What do you expect God to do in your life today? Are you expecting the Holy Spirit to create divine appointments for you in the midst of whatever else you have planned?
Before heading out to Burma, I had a chance to visit my brother in Texas. As I was driving to his house on Saturday afternoon, my eye caught a couple of people fighting with a sign blowing in the wind. I had about a nano-second to try to read the words as I drove by, but I saw enough to wonder if there might be a church service in the school building nearby.
Later that afternoon, I dragged my two young nephews back to that intersection and my instincts were confirmed. I had two other options for churches, but this one’s service fit my schedule the best. On Sunday morning, I slipped in the back door shortly before the worship began.
I really liked how warm everyone was and the feel of the congregation. Afterwards, I sought out the pastor to thank him for the morning, but soon sensed that something was troubling him. I felt a strong impulse to offer my perceptions and perspective on pastoral leadership in order to try to encourage him.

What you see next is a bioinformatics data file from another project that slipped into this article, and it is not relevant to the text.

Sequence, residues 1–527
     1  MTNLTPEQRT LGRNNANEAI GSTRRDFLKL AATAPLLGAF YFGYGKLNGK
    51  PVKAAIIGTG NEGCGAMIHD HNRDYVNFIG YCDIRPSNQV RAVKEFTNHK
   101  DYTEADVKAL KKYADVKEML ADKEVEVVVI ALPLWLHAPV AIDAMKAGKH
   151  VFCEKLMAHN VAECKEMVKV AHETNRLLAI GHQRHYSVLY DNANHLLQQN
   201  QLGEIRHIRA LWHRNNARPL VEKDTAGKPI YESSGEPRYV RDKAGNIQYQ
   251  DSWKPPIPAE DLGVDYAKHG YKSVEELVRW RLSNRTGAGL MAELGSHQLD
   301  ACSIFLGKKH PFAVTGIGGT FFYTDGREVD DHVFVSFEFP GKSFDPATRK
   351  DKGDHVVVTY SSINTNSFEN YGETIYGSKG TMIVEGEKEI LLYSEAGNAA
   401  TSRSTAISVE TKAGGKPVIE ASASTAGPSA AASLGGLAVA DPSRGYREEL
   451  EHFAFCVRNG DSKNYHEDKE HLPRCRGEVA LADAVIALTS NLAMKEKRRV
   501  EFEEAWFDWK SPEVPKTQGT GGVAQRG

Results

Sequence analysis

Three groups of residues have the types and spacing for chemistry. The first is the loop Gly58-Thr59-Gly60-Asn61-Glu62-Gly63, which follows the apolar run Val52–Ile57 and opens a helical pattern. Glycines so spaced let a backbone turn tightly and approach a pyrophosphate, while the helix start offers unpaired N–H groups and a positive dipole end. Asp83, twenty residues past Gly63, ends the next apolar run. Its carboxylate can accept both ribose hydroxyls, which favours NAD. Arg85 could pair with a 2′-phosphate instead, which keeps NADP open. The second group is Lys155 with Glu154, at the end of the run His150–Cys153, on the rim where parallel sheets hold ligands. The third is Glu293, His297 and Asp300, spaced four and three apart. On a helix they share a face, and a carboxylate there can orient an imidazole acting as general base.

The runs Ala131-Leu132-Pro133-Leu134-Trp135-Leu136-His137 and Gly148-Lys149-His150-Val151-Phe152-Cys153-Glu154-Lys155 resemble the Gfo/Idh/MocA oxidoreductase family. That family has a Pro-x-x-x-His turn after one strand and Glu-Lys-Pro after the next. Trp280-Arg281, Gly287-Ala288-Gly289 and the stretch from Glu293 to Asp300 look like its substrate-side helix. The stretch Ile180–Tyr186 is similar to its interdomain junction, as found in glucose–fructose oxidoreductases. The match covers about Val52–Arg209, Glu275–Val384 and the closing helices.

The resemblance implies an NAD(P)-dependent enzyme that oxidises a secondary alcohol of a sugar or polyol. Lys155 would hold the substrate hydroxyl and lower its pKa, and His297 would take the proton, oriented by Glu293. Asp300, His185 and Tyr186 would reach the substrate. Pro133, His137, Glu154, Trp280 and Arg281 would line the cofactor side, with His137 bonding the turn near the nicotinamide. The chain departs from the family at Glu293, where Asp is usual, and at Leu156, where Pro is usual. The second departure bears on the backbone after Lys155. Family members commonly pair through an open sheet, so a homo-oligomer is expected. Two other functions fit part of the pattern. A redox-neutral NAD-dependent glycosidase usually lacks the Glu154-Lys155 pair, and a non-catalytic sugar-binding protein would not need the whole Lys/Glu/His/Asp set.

I was clearly being presumptuous. I had no knowledge of his church or of him other than what I heard in the sermon. My comments were unsolicited and audacious. Yet, I sensed the Holy Spirit was prompting me to boldly say what I was seeing and thinking—for the pastor’s sake.
You could say, I was taking a chance on the Holy Spirit.
Surprisingly, he opened up his heart to me as we stood in front of the sanctuary with parishioners milling about. He talked about very personal matters, and he let me know that he was looking for a way out. At one point, he suddenly grabbed me by the arm and asked me—a total stranger 15 minutes earlier—to pray for him right there and then. I did.
Here’s the email I received from him a few days later. (Used with his permission, with contextual information altered or deleted.)
Tim, I’ve been intending to email you and update you, but been busy. Our talk really went a long way in renewing my hope. It was so nice to visit with someone safe (no affiliation to our church and no denominational agenda) and share my frustrations. One of the things you said that really helped was talking about the emotional toll of leadership. It was so nice to have someone know exactly what I’m dealing with. Leading a church is a draining and at times a painful undertaking. It is unlike any other job since we pour our heart into it. I think that is a lot of what has been going on with me, the emotional pain of recent events and the slow, steady toll on my heart of leading this church for the last 6 years.
I ordered your book, One Step at a Time, and am through the Introduction. I’m enjoying what you’ve written. It seems to be addressing a struggle of mine….
Recently with some of the acute frustrations here I made the decision to start planning my “exit strategy” and go into counseling. Our talk put some hope back in my sails, at least for the short, medium-term future, in terms of continuing to lead this church….